Stock car racing: One last hurrah for Super DIRT Week

Where is “Dandy” Don Meredith when you need him?

Where is “Dandy” Don Meredith when you need him?

The former analyst for “Monday Night Football” loved to sing “Turn out the lights, the party’s over.” when a game got out of hand.

The line from a Willie Nelson song became appropriate again this week, when DIRTcar officially announced that this year’s Super DIRT Week will be the “Finale at Syracuse.”

The state will be removing the grandstands and the mile dirt track as part of a renovation project at the New York State Fairgrounds.

“We’re making big plans for this year’s event to make sure we close the record books with a bang,” said DIRTcar Racing CEO Brian Carter. “In addition to all the racing action at the Moody Mile, we’re planning to honor past champions and have some special social events planned for our dedicated fans that have made the week ‘Racing’s Biggest Party’ each year.”

While this year will mark the 44th running of Super DIRT Week, cars have been racing on the Moody Mile for more than 100 years. The track is one of only three one-mile dirt ovals left in the country.

Buzzie Reutimann won the first two Super DIRT Week crowns, in 1972 and 1973, and Brett Hearn’s six Syracuse victories are the most by any driver.

According to officials, DIRTcar and Gov. Andrew Cuomo’s office have reached an agreement to keep Super DIRT Week in Central New York for at least the next 10 years.

The big question is, where?

“Next year, race fans will be able to enjoy their favorite weekend of racing in a brand new facility,” said a release from Gov. Cuomo’s office.

That would indicate that Super DIRT Week will be moving to Central New York Raceway Park, the new facility being built by DIRT founder Glenn Donnelly about 22 miles north of Syracuse, off Interstate I-81.

Central New York Raceway Park has been in the planning stages for four years, and contractors recently began moving topsoil at the facility. When completed, it will feature a 2.2-mile road course, a 15,000-seat grandstand, a state-of-the-art control tour and a half-mile dirt race track which could be used for both harness racing and auto racing.

But it won’t be the Moody Mile.

There was always something mystical about walking through the tunnel at the fairgounds and entering the massive pits, ready to endure all types of weather (I saw sunny days turn into snowstorms in a matter of minutes) to watch the best modified drivers in the Northeast compete in what was their Super Bowl.

Donnelly was the one who brought Super DIRT Week to Syracuse, and if anyone can keep it alive, it’s him. But without the mile track, it will never be the same.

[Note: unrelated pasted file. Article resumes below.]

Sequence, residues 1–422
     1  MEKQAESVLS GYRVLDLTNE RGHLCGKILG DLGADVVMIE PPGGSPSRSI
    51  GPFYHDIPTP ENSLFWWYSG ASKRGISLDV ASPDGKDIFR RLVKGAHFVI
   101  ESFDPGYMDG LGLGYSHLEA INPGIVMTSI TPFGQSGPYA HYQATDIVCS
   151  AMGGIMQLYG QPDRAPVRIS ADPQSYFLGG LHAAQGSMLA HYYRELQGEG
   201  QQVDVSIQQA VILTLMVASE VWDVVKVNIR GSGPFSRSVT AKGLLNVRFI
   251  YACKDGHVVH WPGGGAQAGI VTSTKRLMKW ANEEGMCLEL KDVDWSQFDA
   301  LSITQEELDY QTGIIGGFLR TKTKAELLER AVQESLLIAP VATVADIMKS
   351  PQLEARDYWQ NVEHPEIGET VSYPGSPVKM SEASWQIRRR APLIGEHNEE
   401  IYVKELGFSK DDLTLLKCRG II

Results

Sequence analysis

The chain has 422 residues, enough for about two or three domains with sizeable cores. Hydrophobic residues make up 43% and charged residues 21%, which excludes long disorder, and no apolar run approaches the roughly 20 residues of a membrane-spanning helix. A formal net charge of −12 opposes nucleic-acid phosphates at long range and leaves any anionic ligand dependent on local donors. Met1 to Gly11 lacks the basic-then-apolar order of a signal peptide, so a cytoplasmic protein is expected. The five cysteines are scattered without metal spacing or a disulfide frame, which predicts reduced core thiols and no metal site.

Around the tracks

Ken Tremont Jr. only has to start tonight’s modified feature at Albany-Saratoga to secure the 13th championship of his career at the historic Malta track. Tremont’s quest for the title got a little help from defending track champion Hearn last week, when Hearn broke the front end of his car when he hit one of the huge tires that border the inside of the turns at the track.

Last Friday’s modified feature at Albany-Saratoga was the Mike Ronca Memorial, and Tremont has now won all three of the tribute races.

Glen Ridge Motorsports Park has another big show scheduled for Saturday night. The 40-lap modified feature will pay $2,500 to win, thanks to some bonus money from former promoter Mike Sowle, and the sportsman feature will pay $500 to win.

Last week’s run-whatcha-brung show at Glen Ridge only drew 12 modifieds.

“I expected a low car count, because everyone is getting ready for Syracuse and the other big shows,” said promoter Pete Demitraszek. “There are just too many special series races this time of year. They’re going to kill weekend racing.”

Tremont almost had a 3-for-3 weekend, as he won Saturday night’s feature at Lebanon Valley, and then finished second to 20-year-old Bobby Hackel IV in the Devil’s Bowl dirt series race on Sunday. Hackel, who began the year racing with the modifieds at Albany-Saratoga before dropping back to the sportsman division, did a great job to hold off Tremont, winning by about three feet. That was Hackel’s second career win at the Bowl, as he won a race on the asphalt surface in 2011.

Congratulations to Nick Stone for winning the King of Dirt Pro Stock Series championship. Stone lost a wheel in last weekend’s KOD finale at Lebanon Valley Speedway and only finished 16th, but that was enough to give him a four-point margin of victory over Robbie Speed, who finished fourth. Speed needed a win to secure the championship.

Categories: Sports

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